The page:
Steely Dan plays the Mann September 21st. Tickets go on sale Saturday @ 10 am.
ALL MUSIC GUIDE: Most rock & roll bands are a tightly wound unit that developed their music through years of playing in garages and clubs around their hometown. Steely Dan never subscribed to that aesthetic. As the vehicle for the songwriting of Walter Becker and Donald Fagen, Steely Dan defied all rock & roll conventions. Becker and Fagen never truly enjoyed rock — with their ironic humor and cryptic lyrics, their eclectic body of work shows some debt to Bob Dylan — preferring jazz, traditional pop, blues, and R&B. Steely Dan created a sophisticated, distinctive sound with accessible melodic hooks, complex harmonies and time signatures, and a devotion to the recording studio. With producer Gary Katz, Becker and Fagen gradually changed Steely Dan from a performing band to a studio project, hiring professional musicians to record their compositions. Though the band didn’t perform live after 1974, Steely Dan‘s popularity continued to grow throughout the decade, as their albums became critical favorites and their singles became staples of AOR and pop radio stations. Even after the group disbanded in the early ’80s, their records retained a cult following, as proven by the massive success of their unlikely return to the stage in the early ’90s. MORE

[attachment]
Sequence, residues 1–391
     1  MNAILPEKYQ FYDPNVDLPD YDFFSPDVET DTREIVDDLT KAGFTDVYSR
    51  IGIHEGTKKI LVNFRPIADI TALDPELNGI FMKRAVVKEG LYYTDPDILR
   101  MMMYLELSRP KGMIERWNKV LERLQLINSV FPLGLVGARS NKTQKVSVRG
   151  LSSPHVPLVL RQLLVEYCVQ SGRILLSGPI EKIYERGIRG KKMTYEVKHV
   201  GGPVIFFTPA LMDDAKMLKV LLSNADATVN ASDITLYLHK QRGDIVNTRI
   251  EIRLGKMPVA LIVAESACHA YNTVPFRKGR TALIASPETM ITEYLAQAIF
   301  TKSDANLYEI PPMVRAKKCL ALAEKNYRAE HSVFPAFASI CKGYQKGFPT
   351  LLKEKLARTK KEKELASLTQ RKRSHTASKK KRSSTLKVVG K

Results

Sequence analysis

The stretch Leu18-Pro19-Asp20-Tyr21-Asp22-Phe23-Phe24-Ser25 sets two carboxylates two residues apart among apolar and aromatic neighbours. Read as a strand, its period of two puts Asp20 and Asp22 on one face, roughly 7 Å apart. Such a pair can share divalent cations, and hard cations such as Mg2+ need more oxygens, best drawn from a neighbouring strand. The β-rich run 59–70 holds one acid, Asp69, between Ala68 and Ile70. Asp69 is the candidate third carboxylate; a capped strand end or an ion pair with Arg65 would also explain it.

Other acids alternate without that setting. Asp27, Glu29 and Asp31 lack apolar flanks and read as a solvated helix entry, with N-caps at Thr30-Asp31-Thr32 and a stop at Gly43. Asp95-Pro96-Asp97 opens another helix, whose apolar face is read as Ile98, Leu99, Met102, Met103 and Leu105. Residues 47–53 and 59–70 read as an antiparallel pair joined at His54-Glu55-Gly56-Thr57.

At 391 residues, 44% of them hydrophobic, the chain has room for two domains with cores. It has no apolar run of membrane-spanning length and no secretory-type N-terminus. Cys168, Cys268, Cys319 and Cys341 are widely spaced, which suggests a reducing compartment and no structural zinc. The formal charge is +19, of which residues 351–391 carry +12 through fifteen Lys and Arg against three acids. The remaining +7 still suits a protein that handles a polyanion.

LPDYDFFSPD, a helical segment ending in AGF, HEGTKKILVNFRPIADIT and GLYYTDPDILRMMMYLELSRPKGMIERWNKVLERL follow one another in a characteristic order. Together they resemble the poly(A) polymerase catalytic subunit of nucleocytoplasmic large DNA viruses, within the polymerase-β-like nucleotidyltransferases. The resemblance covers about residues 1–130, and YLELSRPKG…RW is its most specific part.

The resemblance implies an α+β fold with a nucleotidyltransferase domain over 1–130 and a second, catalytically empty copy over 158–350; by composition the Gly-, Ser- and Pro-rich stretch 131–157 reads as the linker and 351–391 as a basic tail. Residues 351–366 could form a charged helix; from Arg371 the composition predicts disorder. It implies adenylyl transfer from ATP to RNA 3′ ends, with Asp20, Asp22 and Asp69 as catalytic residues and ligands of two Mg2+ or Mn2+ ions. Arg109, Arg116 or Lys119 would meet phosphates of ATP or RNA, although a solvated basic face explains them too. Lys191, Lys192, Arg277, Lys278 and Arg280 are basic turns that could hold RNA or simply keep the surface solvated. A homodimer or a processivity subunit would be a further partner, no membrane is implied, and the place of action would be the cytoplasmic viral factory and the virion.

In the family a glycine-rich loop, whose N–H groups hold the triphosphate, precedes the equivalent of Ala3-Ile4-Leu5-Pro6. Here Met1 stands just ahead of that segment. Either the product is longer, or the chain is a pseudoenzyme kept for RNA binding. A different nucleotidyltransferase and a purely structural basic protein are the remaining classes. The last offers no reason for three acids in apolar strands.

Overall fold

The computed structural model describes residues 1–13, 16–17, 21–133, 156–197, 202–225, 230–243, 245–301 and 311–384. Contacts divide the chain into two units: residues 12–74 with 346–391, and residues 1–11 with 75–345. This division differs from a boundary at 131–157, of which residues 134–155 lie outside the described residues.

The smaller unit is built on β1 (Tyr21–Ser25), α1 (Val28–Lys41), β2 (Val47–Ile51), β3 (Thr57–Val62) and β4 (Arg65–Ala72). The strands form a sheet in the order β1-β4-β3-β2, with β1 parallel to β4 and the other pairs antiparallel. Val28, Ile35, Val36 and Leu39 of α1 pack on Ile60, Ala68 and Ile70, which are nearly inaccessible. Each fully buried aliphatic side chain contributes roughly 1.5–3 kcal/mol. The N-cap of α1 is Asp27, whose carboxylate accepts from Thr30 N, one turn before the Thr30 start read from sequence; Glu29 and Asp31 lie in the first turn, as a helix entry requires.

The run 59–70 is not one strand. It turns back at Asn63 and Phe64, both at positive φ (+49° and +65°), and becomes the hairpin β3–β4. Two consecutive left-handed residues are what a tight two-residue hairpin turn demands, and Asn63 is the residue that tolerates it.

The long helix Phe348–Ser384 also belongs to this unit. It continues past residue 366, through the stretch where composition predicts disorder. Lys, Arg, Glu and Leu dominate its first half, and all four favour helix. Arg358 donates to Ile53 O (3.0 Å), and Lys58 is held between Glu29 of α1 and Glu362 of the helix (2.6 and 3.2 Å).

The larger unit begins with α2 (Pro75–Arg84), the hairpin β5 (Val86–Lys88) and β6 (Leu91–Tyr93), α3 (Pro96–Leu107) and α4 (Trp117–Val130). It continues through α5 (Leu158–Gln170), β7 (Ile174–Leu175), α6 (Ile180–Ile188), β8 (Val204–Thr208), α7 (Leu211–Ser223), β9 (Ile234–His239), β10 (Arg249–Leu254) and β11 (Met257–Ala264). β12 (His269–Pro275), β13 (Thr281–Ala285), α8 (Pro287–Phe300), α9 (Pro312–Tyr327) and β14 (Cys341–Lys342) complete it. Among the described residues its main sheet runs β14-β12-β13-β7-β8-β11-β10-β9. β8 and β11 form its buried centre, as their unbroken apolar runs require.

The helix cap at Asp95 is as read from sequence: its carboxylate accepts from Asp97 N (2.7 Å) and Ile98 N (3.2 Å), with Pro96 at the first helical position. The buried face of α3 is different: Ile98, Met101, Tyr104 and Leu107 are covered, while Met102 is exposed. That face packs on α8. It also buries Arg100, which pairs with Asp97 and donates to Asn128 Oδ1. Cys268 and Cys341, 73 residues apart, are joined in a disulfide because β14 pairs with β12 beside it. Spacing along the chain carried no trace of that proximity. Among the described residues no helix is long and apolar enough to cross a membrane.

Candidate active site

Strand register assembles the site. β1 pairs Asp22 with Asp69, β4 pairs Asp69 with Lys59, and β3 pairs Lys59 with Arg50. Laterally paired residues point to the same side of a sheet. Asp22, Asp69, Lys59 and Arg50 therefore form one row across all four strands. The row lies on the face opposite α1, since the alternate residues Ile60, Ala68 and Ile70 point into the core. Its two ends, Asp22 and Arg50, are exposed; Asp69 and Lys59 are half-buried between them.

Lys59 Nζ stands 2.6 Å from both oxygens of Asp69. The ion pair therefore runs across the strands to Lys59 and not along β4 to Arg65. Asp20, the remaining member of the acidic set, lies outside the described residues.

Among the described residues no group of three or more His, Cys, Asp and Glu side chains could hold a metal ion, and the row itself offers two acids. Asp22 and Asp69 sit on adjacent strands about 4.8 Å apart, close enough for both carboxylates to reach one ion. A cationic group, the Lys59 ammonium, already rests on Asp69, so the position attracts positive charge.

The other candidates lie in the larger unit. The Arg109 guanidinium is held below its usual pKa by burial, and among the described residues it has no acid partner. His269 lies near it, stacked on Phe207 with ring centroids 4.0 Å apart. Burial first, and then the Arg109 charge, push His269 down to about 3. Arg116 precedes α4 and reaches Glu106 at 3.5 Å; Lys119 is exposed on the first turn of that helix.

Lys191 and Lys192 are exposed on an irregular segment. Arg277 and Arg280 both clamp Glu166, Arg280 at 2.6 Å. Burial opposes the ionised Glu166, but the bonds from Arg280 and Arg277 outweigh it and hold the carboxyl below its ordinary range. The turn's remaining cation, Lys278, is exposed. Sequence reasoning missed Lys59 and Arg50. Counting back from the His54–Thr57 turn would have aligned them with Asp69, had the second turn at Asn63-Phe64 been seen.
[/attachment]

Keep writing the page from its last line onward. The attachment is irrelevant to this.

RELATED: With Fagen on keyboards and vocals and Becker on bass, they decide to sign up guitarist Jeff “Skunk” Baxter and drummer Jim Hodder. With the core band recruited, Donald and Walter need a name for their group. Since both of them were avid readers of 1950’s “Beat” literature, they decided to name the band “Steely Dan” after a dildo in William Burroughs’ “Naked Lunch.” MORE
RELATED: Mary is strapping on a rubber penis. “Steely Dan III from Yokohama,” she says, caressing the shaft.
“What happen to Steely Dan I?”
“He was torn in two by a bull dyke. She could cave in a lead pipe.”
“And Steely Dan II?”
“Chewed to bits by a famished candiru in the Upper Baboonsasshole. And don’t say ‘wheeeeeeee!’ this time.” — From Naked Lunch by William S. Burroughs